‘Lord, You Were There’: Memory and the Presence of God

Editor: please enjoy a new reflection on our year from Brazos Fellows 2019-2020 alum, Emily Engelhardt. This fall, Emily is heading off to Nashville, TN to begin a program in Certified Nurse-Midwifery at Vanderbilt University.

000214510030As I reflect on this past year, I remember classes in a white-painted room with opaque windows in the back of Christ Church. I remember the feel and shape of a ceramic teacup within my hands and the unforgettable squeak of the back door. I remember a candle’s bright flame flickering in the middle of our table. As Christians we are called to remember, not only our own journey of faith, but the faith of generations before us. Our faith is built upon the faith of older generations who passed on the gospel through making disciples. Christianity, as Robert Louis Wilken reminds us, is inescapably bound to the witness of others. We do not even have Christ’s words apart from the apostles who wrote them down. The gospel is shared through the ages by bearing witness to God and living in conversation with the past.

 

Memory is a central theme in scripture. Only by remembering can we live in obedience to Christ—only by returning to God’s work in our own life and in the lives of those before us can the foundation of our faith be sustained. The psalms are saturated with memories of God’s faithfulness. Psalm 77 begins with cry to God with a “soul that refuses to be comforted”. Midway through, the psalmist turns:  “Then I said, ‘I will appeal to this, to the years of the right hand of the Most High.’ I will remember the deeds of the Lord; yes, I will remember your wonders of old.” Psalm 105 recalls the plagues from which God delivered the Israelites and his provision for them in the desert. The story of man’s rebellion, repentance, and deliverance is told again and again through scripture. Alasdair MacIntyre says, “I can only answer the question “What am I to do?” if I can answer the prior question “Of what story do I find myself a part?” By remembering these stories, we learn who we are and how to live. Continue reading “‘Lord, You Were There’: Memory and the Presence of God”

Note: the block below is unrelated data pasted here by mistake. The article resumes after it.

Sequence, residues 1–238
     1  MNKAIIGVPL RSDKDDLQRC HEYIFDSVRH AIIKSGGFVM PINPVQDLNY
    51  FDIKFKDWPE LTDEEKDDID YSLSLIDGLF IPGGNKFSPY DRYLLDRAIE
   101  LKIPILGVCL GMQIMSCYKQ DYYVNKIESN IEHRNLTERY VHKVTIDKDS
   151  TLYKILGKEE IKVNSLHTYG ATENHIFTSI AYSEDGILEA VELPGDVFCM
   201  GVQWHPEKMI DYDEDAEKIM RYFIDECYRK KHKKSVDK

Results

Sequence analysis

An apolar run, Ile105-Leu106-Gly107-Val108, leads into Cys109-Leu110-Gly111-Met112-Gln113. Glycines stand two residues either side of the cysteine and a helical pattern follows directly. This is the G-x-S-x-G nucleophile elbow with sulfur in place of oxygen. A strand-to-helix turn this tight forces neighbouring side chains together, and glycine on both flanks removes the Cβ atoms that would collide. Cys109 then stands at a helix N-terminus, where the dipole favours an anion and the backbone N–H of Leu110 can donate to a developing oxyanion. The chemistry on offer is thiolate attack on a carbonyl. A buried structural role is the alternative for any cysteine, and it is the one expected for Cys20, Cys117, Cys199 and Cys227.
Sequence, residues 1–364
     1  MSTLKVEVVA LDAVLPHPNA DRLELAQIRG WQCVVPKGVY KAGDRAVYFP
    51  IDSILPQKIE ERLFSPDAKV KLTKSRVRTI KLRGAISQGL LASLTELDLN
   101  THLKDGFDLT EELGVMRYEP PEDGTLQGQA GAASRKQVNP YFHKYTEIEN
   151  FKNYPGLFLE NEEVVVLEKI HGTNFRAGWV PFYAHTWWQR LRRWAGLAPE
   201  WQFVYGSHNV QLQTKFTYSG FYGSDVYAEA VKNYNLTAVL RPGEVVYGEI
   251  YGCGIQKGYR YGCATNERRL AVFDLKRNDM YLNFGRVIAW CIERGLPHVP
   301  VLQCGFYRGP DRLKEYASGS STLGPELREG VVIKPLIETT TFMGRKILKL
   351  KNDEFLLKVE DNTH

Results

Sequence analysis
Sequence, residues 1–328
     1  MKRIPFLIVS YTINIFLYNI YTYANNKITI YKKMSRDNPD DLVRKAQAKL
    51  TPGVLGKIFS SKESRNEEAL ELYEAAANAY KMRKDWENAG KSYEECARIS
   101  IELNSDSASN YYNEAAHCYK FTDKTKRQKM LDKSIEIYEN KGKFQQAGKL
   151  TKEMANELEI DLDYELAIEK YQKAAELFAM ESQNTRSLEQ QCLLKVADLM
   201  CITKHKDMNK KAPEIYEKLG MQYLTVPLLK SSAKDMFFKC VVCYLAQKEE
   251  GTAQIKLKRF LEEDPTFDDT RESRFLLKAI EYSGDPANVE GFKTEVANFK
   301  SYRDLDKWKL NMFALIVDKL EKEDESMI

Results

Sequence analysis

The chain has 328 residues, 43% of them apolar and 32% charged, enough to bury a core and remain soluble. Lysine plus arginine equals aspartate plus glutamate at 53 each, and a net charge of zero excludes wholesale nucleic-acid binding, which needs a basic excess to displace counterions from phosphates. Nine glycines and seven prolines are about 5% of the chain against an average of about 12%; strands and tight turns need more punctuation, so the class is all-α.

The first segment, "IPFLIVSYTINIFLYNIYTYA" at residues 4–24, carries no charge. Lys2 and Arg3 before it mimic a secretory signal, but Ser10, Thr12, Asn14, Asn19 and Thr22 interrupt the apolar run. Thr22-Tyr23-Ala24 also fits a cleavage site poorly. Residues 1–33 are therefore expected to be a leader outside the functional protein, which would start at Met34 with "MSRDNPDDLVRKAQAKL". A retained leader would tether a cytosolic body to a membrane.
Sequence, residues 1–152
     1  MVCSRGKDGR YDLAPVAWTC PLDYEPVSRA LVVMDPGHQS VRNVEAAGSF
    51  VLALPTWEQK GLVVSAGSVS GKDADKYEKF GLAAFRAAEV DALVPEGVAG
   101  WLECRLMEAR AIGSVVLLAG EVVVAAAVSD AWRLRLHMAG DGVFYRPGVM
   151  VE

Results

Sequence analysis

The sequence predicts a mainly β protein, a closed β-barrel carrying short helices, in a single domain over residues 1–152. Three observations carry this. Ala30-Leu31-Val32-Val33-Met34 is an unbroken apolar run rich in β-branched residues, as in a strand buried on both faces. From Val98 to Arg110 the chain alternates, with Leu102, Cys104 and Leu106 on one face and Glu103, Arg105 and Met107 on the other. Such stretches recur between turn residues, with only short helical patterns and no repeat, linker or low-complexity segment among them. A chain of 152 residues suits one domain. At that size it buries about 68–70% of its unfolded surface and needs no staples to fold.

Prayer for Justice, Prayer for Healing

Archbishop Foley Beach has called the ACNA to a week of fasting and prayer in light of recent events in our nation, especially the “senseless killing by a police officer of an unarmed black man, George Floyd.” All of us at Brazos Fellows join in offering these prayers for justice and racial healing in our nation. And we add our voices to the many in ACNA who recognize the need for confession, commitment, and change in the Letter on Anti-Racism and a More Diverse and Just Anglicanism:

We see and grieve the racism and discrimination that exists and has a deep cultural and structural influence in our society, in our communities, and in our churches. The recent tragedies of Ahmaud Arbery, Breonna Taylor, and George Floyd are simply the latest in a long line of harrowing examples of these deeply embedded systemic realities. We see and grieve that our brothers and sisters of color, including many in our own dioceses and parishes, have been and continue to be profoundly affected by these realities.

Against this backdrop, we offer the following confessions and make the following commitments.

Please read the whole letter here–and consider adding your name.